The Associated Trait Fallacy is having a trait that you want to screen for, and instead defining your test on a trait associated with that one when you have a direct way of measuring the trait you're interested in.
An example I'm sure we can all agree out of the box is minimum word requirements on essays. What you care about is that the essay is good; the word count is at best a weak indication of quality of writing that you can use if you don't have time to read the actual writing. So all you're doing by making the word count an actual criterion for judgement is discrediting essays that make equally powerful points in fewer words than you expected.
A perhaps less obvious example is age-gating the military (or almost any organization for that matter).
What traits do you actually want in someone who's going to join your army? You want strength, maturity, courage, intelligence, et cetera. You only care about the recruit's age insofar as it's correlated with those things. So given that it's possible to test those things directly there's no valid way to measure intelligence in general, but if you're interested in a specific area of expertise, you can test that easily by putting them in the kind of situation they're going to be in and they in fact will be tested directly during training (courage is tested just by the act of volunteering), there's no rationale at all for barring people from entry based on their age.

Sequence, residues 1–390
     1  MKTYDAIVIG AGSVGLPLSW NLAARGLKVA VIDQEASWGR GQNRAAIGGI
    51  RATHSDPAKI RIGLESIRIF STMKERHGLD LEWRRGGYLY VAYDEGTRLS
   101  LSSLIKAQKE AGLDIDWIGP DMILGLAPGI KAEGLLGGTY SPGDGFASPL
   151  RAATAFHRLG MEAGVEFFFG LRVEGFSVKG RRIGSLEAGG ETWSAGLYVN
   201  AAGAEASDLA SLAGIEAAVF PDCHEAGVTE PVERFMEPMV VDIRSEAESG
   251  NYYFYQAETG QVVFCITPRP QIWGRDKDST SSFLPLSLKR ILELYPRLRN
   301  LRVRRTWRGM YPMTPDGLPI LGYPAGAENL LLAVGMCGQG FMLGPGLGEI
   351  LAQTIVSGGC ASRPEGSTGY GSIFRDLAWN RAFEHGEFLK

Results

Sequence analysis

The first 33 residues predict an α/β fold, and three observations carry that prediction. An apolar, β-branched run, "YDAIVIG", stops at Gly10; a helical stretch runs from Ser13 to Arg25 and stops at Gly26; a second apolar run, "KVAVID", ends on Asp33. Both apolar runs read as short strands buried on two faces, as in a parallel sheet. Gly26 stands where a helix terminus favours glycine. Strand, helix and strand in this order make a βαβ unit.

This came up a lot in my childhood, where I would often invent fictional military organizations (as in The Color Wars, an abandoned story I believe I've referenced somewhere) and say that they don't have an age-gate in their recruiting process. The objection was always: "They recruit four-year-olds?!?" And the answer was always, rationally: "They recruit anyone who's on their side and strong enough to fight. They don't currently have any four-year-old members, but they wouldn't be opposed to a four-year-old with the strength of an adult if one existed. Would you?"